The Author Stories Podcast Episode 574 | Rodrigo Rey Rosa Interview

My guest today is Rodrigo Rey Rosa, author of Chaos,  A Fable.

A breathtaking novella about faith and anarchy by the acclaimed and prizewinning Latin American writer Rodrigo Rey Rosa.

Mexican author Rubirosa is attending a book fair in Tangier when he reconnects with an old acquaintance, a Moroccan artist who asks one favor of his visiting friend: to access the puzzling files on a memory card. It could help fulfill the destiny of his son Abdelkrim. It could also unwittingly draw both men into irreversible events already in motion on distant shores.

In America, Abdelkrim, a brilliant aspiring astronaut deemed “too Muslim” for citizenship, has teamed up with an equally gifted young prodigy, a witness to the plight of Syrian refugees. Together, the foreign students share a vision of altering the world’s geopolitical landscape to end human suffering with a nearly inconceivable blueprint. And they can turn theory to reality. They can bring about change. But only through a technological apocalypse can there be redemption—by unleashing total chaos.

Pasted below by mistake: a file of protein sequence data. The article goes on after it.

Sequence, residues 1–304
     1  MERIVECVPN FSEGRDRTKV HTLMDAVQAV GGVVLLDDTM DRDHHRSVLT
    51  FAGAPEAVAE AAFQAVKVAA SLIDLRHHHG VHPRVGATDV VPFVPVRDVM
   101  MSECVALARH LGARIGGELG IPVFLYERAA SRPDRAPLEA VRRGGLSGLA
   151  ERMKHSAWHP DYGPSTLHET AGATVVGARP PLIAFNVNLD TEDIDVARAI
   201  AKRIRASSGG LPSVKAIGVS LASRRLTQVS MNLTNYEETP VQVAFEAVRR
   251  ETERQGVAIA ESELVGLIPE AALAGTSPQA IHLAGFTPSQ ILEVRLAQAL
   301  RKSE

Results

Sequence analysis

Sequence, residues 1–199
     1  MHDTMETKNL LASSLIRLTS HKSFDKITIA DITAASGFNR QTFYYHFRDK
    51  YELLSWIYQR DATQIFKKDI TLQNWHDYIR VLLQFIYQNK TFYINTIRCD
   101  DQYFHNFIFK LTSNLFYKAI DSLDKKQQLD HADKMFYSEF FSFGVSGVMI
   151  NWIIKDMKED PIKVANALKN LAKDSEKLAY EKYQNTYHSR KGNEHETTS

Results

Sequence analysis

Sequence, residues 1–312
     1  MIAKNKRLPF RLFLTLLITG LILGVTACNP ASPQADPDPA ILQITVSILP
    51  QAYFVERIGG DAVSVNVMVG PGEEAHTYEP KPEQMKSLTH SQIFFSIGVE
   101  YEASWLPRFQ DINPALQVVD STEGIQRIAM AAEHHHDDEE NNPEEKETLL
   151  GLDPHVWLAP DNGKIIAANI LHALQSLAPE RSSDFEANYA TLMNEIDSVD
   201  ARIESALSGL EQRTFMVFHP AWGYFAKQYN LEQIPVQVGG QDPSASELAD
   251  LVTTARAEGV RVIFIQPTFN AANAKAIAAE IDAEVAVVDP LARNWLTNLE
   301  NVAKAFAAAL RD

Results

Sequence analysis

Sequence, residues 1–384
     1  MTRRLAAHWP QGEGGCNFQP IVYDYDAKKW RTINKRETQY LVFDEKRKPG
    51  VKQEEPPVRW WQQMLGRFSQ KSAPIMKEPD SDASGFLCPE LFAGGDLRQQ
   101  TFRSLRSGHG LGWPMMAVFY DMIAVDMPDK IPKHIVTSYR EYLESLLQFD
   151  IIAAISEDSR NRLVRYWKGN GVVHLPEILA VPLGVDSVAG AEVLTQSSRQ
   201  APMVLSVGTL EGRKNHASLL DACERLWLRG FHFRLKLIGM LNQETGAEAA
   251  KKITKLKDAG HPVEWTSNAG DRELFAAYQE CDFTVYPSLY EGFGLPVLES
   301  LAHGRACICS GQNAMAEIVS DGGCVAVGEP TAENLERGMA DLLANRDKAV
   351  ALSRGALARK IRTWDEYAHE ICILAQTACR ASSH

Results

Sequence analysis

A provocative morality tale that moves with the visceral rhythms of a high-tech thriller, Chaos, A Fable is a spare and stunning triumph from one of the most celebrated Latin American authors of his generation.

Rodrigo Rey Rosa was born in Guatemala in 1958. He emigrated to New York in 1980, and in 1982 he moved to Morocco. American expatriate writer Paul Bowles, with whom Rey Rosa had been corresponding, translated his first three books into English. Rey Rosa has based many of his writings and stories on legends and myths that are indigenous to Latin America and North Africa. Out of all of his many works, seven have been translated into English: The Beggar’s Knife, Dust on her Tongue, The Pelcari Project, The Good Cripple, The African Shore,Severina, and now, Chaos, A Fable. In 2004, Rey Rosa was awarded the Miguel Ángel Asturias National Prize in Literature, from Guatemala, and in 2015 the Ibero-American José Donoso Prize. He lives in Guatemala City.

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